“I find it relieving to know that whether you believe in a soul or not, or have a religion or not, or an assumption about how the universe works, that has very little bearing on how you act as a member of the social community,” said Bertram Malle, professor of cognitive, linguistic and psychological sciences at Brown University and senior author of the new study. “In a sense, what unites us across all these assumptions is we see others as intentional beings who can make choices, and we blame them on the basis of that.”

The entire press release is here.

Tuesday, June 17, 2014

Diversity Is Useless Without Inclusivity

By Christine Riordan
Harvard Business Review
Originally posted June 5, 2014

Over the past decade, organizations have worked hard to create diversity within their workforce. Diversity can bring many organizational benefits, including greater customer satisfaction, better market position, successful decision-making, an enhanced ability to reach strategic goals, improved organizational outcomes, and a stronger bottom line.

However, while many organizations are better about creating diversity, many have not yet figured out how to make the environment inclusive—that is, create an atmosphere in which all people feel valued and respected and have access to the same opportunities.

That’s a problem.

The entire article is here.

Trial of alleged Fort Hood shooter renews call for restraint

By Art Caplan
Clinical Psychiatry News
Originally posted August 2, 2013

One year ago this month, after the theater shooting in Aurora, Colo., I wrote a column for this newspaper headlined, “The Aurora Shootings: Why the Mental Health Community Must Show Restraint.” In this column, I talked about the risks inherent in offering public comments about a defendant’s mental state and about Section 7.3 of the American Psychiatric Association’s Principles of Medical Ethics, which state:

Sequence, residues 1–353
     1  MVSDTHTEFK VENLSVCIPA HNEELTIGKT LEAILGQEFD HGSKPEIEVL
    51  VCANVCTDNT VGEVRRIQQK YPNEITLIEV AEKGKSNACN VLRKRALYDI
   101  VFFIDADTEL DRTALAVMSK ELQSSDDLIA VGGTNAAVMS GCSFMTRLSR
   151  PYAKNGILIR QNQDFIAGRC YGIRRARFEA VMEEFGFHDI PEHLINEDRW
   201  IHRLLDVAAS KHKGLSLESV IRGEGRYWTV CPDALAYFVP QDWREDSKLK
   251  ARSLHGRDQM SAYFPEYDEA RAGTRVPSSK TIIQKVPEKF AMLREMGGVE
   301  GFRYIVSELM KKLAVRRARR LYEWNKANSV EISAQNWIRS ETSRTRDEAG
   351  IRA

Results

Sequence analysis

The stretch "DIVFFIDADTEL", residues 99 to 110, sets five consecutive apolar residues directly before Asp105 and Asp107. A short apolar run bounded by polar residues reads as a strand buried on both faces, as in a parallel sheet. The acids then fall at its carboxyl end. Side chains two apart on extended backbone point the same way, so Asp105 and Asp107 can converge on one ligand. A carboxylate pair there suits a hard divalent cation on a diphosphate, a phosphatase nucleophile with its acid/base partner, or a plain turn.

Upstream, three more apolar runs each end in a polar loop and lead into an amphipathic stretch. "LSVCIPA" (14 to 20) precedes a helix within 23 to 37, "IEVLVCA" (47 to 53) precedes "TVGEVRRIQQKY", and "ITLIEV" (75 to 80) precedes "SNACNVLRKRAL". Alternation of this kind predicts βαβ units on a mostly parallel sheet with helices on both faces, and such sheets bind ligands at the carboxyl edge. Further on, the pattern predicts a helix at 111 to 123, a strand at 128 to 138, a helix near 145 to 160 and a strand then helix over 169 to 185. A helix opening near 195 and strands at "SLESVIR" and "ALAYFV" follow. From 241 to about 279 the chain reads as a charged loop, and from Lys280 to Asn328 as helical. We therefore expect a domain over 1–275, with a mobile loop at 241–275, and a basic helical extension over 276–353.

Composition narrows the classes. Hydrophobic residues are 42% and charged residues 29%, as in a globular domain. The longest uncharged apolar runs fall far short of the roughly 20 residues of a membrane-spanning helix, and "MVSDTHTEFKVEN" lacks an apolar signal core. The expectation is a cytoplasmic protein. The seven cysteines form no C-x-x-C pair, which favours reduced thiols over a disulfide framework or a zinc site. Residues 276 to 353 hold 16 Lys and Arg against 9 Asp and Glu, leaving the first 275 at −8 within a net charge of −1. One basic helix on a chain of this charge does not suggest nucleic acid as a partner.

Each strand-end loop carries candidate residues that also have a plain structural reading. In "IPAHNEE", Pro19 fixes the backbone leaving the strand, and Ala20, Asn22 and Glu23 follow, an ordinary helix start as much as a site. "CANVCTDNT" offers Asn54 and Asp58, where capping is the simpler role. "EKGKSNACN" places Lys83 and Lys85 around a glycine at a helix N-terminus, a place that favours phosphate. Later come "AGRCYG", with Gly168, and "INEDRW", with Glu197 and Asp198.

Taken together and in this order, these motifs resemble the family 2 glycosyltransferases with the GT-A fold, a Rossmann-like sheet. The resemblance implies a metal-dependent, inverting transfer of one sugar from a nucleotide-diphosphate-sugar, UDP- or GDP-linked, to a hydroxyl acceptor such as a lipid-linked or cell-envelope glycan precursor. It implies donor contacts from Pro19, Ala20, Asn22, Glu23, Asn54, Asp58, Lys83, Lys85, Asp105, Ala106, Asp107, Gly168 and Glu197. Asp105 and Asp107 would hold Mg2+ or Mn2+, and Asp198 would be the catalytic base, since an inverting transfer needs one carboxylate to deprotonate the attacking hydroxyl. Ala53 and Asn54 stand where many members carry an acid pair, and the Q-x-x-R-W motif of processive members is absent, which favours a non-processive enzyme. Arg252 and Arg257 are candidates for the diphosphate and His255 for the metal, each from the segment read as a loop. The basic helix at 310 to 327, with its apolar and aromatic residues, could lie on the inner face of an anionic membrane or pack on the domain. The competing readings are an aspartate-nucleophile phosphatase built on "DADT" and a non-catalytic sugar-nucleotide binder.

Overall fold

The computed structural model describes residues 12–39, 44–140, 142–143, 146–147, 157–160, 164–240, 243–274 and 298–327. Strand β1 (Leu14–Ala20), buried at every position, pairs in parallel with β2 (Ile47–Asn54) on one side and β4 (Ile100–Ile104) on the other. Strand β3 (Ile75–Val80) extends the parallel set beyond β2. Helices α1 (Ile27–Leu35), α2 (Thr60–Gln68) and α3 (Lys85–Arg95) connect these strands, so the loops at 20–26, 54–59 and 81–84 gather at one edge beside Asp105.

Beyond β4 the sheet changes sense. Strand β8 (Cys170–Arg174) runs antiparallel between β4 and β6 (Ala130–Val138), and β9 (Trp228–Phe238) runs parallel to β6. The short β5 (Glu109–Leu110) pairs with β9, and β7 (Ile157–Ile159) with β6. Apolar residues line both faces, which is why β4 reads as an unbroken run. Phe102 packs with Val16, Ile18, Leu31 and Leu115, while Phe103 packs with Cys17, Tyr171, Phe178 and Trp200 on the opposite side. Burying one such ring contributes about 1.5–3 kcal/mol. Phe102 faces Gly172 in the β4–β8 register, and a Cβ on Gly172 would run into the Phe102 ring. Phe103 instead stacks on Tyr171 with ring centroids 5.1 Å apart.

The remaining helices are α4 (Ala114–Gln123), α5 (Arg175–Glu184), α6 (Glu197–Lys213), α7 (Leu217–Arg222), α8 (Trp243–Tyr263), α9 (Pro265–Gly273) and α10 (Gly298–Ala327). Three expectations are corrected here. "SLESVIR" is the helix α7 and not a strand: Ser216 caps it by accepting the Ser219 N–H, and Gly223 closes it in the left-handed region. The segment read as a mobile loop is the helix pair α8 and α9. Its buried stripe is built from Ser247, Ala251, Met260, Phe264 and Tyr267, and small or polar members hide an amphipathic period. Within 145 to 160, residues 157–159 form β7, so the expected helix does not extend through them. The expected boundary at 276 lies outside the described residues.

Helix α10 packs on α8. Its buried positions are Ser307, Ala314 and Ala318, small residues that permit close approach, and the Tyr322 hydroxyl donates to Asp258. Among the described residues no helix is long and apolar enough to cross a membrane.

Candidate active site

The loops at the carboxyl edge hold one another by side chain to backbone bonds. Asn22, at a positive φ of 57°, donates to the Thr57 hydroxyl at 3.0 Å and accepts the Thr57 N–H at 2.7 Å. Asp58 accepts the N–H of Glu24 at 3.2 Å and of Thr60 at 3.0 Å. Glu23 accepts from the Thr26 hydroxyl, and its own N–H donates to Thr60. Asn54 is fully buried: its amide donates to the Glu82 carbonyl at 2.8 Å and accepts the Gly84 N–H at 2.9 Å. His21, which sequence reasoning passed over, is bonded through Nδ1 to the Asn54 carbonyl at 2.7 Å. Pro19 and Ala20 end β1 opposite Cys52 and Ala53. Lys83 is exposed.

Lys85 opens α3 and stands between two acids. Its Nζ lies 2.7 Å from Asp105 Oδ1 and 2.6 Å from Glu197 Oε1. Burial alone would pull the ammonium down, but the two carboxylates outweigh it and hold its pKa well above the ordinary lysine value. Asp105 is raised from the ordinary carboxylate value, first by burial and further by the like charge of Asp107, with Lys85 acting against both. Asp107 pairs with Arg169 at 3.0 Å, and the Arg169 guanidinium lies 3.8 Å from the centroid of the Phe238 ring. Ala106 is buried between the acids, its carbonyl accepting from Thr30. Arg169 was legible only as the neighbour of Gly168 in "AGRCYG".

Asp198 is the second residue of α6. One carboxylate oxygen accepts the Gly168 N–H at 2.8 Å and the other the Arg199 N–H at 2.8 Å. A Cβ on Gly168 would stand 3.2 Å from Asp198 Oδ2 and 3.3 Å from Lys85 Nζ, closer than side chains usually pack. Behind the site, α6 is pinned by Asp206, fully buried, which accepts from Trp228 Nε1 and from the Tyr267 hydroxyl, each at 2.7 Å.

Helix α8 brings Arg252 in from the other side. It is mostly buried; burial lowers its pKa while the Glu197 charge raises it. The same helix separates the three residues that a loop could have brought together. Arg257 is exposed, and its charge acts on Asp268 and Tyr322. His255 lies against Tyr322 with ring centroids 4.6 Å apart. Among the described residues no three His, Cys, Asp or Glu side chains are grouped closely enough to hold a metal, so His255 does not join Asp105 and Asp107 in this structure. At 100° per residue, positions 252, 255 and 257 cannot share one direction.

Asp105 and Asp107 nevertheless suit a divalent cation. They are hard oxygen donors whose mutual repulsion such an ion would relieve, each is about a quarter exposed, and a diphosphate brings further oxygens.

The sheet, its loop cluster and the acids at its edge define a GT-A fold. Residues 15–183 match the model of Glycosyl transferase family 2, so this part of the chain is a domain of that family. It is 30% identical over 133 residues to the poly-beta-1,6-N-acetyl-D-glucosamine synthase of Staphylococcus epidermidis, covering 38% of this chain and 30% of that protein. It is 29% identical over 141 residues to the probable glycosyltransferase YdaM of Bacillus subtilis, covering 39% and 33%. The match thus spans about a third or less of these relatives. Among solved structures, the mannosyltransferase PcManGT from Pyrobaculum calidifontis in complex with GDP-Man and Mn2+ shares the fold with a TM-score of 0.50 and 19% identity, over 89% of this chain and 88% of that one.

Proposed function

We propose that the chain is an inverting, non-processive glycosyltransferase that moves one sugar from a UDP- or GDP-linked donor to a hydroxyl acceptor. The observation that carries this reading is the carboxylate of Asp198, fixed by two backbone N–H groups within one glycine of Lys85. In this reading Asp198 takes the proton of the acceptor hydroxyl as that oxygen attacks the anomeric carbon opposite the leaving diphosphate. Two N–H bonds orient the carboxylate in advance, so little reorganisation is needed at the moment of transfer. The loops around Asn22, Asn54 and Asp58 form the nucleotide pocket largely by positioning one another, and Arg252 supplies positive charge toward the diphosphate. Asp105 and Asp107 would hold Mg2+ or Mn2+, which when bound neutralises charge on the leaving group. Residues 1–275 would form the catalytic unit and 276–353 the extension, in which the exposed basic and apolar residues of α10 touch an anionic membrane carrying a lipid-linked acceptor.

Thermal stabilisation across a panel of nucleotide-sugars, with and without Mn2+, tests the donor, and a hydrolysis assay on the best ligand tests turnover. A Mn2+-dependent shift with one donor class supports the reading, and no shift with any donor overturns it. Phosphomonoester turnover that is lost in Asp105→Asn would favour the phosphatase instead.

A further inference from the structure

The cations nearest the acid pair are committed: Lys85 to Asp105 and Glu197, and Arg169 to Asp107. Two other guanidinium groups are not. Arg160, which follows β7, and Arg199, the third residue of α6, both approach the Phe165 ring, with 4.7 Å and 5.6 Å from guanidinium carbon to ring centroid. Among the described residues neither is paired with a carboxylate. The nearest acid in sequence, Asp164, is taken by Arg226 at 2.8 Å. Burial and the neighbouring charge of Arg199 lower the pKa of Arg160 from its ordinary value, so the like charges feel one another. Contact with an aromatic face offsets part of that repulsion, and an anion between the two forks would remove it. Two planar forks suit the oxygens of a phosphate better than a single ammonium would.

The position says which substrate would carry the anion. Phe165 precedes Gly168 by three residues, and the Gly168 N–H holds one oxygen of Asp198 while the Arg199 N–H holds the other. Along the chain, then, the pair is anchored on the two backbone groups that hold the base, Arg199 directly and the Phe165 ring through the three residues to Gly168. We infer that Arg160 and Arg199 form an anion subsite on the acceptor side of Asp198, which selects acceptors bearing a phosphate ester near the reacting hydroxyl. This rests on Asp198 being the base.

On occasion psychiatrists are asked for an opinion about an individual who is in the light of public attention or who has disclosed information about himself or herself through public media. In such circumstances, a psychiatrist may share with the public his or her expertise about psychiatric issues in general.
However, it is unethical for a psychiatrist to offer a professional opinion unless he or she has conducted an examination and has been granted proper authorization for such a statement.”

The entire article is here.

Why It’s Imperative to Teach Empathy to Boys

By Gayle Allen and Deborah Farmer Kris
Mind/Shift Blog
Originally posted June 25, 2014

When searching for toys for their kids at chain toy stores, parents typically encounter the following scenario: toy aisles are color-coded pink and blue. They shouldn’t bother looking for LEGOS, blocks, and trucks in the pink aisle, and they certainly won’t find baby dolls in the blue aisle.

While parents, researchers, and educators decry the lack of STEM toys for girls — and rightly so — what often goes unnoticed is that assigning genders to toys harms boys, as well. Too often children’s playrooms reinforce gender stereotypes that put boys at risk of failing to gain skills critical for success in life and work. The most important of these? Empathy.